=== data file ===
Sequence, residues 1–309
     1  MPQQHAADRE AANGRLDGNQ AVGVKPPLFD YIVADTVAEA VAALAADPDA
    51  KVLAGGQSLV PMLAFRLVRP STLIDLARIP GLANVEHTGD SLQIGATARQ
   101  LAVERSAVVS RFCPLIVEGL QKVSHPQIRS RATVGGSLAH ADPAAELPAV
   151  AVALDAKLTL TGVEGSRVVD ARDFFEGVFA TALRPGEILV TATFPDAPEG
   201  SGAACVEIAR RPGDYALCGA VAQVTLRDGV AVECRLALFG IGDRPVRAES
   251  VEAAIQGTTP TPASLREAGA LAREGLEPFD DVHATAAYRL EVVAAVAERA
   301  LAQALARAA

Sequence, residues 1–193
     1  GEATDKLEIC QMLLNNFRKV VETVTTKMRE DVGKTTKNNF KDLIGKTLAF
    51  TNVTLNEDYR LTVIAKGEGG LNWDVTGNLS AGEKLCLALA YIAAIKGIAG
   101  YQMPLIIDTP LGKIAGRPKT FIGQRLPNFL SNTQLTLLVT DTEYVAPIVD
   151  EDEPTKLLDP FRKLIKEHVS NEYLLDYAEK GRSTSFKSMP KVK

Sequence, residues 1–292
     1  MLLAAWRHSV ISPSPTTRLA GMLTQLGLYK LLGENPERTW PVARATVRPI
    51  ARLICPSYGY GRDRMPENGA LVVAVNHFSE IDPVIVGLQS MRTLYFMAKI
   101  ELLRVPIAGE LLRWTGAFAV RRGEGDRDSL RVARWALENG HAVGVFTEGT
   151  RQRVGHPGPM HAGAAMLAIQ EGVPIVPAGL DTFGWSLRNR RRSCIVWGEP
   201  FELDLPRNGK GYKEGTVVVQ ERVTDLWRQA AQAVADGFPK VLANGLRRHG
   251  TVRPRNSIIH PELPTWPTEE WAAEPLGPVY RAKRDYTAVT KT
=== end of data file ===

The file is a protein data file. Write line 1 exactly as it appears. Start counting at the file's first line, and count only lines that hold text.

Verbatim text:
Sequence, residues 1–309